I have a B.B.A. in marketing with an emphasis on advertising from Georgia State University in Atlanta. Dallas Walker, my management professor, was a retired human resources director when he took a job teaching at Georgia State. Mr. Walker’s class was interesting, and he was quite animated in class. It was easy to remember his lectures. One thing that stuck with me was when he advised, “When I saw résumés come across my desk and compared a straight-A student with no work experience and a C student who had worked his way through school, I hired the C student every time.”

    When I interviewed for a job with advertising agencies in Atlanta, I came very close to getting a job there, but it was always my lack of experience that kept me from getting hired. I breezed through tests of proofreading and media math and was even recommended from one large agency to talk to another. Still, I didn’t have real-world experience, and that was a barrier to getting the job.

    I have a good friend who used to be a Boy Scout camp waterfront director. I overheard others who are in a position of hiring saying that being a lifeguard for a camp was not good experience. I hastily disagreed. I watched as this director had to work with youth who were in charge of the safety of swimming for a lake – meaning that the water was not clear, and the swimmers could not be seen when submerged. The director also had to deal with angry customers – scoutmasters and parents – when they learned that their youth did not pass the “swimming” test, mostly meaning the youth did not follow the directions correctly for the test or did not have the stamina to pass the simple test. While thinking that a lifeguard may not have experience needed in business, I can tell you that he does.

    My first job was with a quick-service restaurant. Showing up for work on time was very important. I learned to follow policies and procedures. I learned practical experience in working with a group. It wasn’t until later in my life that I realized we were working an assembly line. Sure, it was an assembly line for hamburgers, but it was an assembly line nonetheless. We had production callers. We had quality control. And, the employees who learned the different skills to do the different jobs that were available in the restaurant were the most valuable because they could work anywhere. I had a Sunday school teacher who would repeatedly tell us that “The greatest ability is dependability.” Showing up on time and following directions were important. We were allowed to discuss the directions to see if there might be a better way to complete the task. If the changes fit within the company guidelines, they were implemented.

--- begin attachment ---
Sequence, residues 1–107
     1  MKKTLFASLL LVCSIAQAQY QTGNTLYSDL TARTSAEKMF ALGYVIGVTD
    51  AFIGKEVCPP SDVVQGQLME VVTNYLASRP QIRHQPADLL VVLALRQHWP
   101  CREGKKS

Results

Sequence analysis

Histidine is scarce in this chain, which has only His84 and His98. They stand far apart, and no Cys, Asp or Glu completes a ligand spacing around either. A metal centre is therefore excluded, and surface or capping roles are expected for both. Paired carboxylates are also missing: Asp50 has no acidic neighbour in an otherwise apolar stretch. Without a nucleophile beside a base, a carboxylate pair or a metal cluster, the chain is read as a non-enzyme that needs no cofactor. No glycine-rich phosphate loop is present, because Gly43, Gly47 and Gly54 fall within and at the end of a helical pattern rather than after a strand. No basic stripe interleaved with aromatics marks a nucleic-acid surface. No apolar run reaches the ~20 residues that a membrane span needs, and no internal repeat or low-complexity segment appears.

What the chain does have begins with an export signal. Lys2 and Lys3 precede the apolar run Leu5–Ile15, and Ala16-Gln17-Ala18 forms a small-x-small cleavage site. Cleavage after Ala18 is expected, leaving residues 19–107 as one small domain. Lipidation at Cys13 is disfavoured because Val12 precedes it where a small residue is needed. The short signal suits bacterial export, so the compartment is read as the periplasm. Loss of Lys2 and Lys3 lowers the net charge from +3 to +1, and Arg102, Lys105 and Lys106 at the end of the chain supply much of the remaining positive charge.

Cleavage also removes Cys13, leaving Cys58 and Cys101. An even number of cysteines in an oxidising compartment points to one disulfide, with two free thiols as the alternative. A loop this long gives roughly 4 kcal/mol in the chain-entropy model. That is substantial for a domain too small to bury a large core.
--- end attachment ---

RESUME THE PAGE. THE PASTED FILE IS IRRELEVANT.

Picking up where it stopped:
Marketing jobs include the skills and talents of many people. Artists. Communicators. Writers. Graphic artists. Analyzers. Managers. Negotiators. Researchers. Critical thinkers. Leaders. Planners. Programmers. Storytellers. Most importantly … listeners. These are a few of the skills necessary. There are a lot more. In the early days of radio, Camel cigarettes used the slogan “Experience is the best teacher.” I don’t know about “best,” but taking advantage of all experience has to offer is a great help in moving forward in business.